In 1938 and 1939, during the Antioch expedition, an ancient church building was excavated at the town of Seleucia Pieria, the port town of Antioch. The building has been razed to the ground, but its plan could be reconstructed from the remains.
Though there is no longer anything to see at the site, the church at Selecuia Pieria is included here as an interesting example of early church architecture near Antioch and because a number of pieces of early Christian church art were found at the site. These artifacts can be seen in museums and in our Antioch Artifacts Gallery.
Located just inside the walls of the city, the Church at Seleucia Pieria occupied a prominent position near the main colonnaded street leading to the harbor and not far from the Market Gate. It was originally built in the late 400s and was rebuilt once, probably after the devastating earthquake of 526.
This church is often referred to as "the Martyrion," but there is no evidence that a martyr's relics were associated with the site. It was probably the local cathedral.
The church's shape (seen in the floor plan above) was a "freestanding double-shelled tetraconch" with a large square presbytery and apse projecting towards the east. The double shell forming an ambulatory is omewhat similar to that seen in the Dome of the Rock.
The interior shell was supported by columns (seen in the computer model above) and L-shaped piers at the corners. The piers also supported either a pyramidal wooden roof or, more likely, a wooden dome, that was about 41 feet in diameter. Wooden ceilings covered the ambulatories. In the center of the church was a U-shaped bema about 50 feet long, facing west. Such structures are widely known in church buildings in northern Syria and their precise function continues to be debated.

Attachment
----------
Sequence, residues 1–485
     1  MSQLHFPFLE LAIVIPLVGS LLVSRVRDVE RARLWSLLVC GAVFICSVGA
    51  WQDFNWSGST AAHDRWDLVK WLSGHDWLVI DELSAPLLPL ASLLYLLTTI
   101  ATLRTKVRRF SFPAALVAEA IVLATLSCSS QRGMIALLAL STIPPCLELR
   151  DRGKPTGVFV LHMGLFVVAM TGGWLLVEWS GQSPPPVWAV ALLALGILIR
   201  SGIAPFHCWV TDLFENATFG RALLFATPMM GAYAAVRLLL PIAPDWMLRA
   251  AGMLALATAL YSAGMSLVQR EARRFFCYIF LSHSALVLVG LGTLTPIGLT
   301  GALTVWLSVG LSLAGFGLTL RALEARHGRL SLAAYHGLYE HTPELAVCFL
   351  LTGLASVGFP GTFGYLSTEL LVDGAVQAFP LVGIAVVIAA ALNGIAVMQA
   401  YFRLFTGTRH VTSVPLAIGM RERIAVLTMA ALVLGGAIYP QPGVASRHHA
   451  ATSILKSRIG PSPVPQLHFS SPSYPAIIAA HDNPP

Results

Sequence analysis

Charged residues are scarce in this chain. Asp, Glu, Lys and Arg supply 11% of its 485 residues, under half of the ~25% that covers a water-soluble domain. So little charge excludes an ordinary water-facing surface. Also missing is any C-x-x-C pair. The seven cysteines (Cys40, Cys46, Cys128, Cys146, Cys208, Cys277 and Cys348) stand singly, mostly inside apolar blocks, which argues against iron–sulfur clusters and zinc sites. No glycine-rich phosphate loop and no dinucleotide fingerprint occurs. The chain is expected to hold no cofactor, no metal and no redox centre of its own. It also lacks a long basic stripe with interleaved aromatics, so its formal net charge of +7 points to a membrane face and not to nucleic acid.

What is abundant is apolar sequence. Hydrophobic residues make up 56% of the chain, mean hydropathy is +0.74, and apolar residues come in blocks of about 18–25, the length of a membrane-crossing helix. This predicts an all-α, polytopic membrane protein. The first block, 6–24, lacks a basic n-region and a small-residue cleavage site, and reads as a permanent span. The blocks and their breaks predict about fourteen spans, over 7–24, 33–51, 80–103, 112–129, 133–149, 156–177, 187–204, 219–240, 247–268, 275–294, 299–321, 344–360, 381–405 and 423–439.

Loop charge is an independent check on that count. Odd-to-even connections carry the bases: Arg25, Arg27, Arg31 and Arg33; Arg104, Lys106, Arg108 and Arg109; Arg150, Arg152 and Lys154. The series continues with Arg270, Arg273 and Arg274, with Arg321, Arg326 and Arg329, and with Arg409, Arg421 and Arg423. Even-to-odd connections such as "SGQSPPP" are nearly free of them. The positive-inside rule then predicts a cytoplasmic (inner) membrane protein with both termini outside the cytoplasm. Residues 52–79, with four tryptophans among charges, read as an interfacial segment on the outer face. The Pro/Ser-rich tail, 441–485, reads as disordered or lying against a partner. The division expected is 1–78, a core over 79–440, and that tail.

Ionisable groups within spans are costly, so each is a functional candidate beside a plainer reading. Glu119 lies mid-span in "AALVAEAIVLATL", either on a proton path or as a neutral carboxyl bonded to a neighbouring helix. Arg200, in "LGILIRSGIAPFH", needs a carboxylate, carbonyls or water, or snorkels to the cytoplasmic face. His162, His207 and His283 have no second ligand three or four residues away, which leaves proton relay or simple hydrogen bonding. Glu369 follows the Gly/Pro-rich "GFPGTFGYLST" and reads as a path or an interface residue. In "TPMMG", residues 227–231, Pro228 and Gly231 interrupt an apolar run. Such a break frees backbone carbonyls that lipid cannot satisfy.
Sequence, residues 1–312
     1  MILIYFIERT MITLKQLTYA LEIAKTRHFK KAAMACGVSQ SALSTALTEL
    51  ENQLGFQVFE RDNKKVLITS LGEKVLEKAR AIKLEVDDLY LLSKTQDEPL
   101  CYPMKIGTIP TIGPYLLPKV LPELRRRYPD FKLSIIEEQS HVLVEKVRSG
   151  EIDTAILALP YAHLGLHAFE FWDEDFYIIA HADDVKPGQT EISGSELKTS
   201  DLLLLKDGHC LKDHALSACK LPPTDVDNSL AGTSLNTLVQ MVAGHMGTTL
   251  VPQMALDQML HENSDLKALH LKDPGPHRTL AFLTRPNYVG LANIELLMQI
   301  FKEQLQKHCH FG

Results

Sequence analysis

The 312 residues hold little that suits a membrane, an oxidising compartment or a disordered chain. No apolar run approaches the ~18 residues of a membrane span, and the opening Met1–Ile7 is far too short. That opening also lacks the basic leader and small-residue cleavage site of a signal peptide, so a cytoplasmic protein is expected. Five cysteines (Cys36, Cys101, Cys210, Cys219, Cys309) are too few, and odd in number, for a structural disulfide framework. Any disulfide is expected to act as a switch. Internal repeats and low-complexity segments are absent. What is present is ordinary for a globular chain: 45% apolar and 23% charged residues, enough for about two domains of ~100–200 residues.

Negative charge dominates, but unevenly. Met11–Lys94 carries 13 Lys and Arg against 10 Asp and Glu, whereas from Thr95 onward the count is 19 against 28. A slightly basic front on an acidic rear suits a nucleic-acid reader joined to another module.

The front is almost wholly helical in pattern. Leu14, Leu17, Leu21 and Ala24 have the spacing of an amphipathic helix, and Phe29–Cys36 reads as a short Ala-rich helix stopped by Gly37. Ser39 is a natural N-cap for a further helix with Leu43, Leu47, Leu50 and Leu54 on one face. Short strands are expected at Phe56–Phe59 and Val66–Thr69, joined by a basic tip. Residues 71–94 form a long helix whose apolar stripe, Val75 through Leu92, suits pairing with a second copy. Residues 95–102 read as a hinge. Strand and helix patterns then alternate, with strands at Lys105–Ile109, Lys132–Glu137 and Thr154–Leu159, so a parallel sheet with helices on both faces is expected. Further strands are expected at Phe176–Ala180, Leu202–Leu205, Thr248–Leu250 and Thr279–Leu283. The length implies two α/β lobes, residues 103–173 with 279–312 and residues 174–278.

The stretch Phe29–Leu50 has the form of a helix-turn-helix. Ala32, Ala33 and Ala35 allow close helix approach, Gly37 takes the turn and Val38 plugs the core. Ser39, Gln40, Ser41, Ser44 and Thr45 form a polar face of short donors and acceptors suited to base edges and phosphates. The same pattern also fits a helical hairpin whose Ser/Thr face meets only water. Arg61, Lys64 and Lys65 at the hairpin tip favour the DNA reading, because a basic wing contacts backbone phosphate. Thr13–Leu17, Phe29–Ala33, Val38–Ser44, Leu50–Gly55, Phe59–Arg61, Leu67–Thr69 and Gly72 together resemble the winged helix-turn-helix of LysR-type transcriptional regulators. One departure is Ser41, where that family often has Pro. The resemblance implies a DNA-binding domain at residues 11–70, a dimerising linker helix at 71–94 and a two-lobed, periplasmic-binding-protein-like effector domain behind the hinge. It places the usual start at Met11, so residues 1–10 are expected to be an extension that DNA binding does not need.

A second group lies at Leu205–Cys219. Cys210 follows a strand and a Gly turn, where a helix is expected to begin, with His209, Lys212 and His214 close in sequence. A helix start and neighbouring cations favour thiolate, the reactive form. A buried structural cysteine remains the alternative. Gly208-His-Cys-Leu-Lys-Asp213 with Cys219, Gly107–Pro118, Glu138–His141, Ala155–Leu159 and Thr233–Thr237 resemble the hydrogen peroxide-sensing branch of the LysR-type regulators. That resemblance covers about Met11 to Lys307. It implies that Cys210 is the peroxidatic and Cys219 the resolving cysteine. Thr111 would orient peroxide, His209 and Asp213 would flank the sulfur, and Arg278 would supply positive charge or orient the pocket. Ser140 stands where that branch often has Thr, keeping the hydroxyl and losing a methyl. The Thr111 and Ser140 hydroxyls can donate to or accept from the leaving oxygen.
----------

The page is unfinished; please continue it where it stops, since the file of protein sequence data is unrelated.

Enough fragments of decorationshave survived to give us some idea of what the church looked like inside. The inner columns had capitals carved with acanthus leaves and the columns that decorated the outside of the church were carved with angels, chalices or birds. The walls were decorated with marble revetments bearing images such as a Greek cross, rams, a shepherd playing a flute, St. Paul, David and Goliath. No traces of wall mosaics turned up at the site.
The inner area of the church was paved in marble, while the ambulatories were decorated with floor mosaics of animals (see the floor plan, above). These mosaics are now in the garden of the Hatay Archaeological Museum in Antakya, where they are exposed to the weather (a fact this author finds a little distressing). These mosaics are interesting in that they adapt the favorite theme of the hunt mosaic (such as this one) to a Christian context. In the church mosaic, the animals are often tame and the animals probably celebrate Creation as God's domain.
Quick Facts on Seleucia Pieria Church
|Names:||Seleucia Pieria Church|
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|Coordinates:||36.117424° N, 35.927610° E|
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Map of Seleucia Pieria Church
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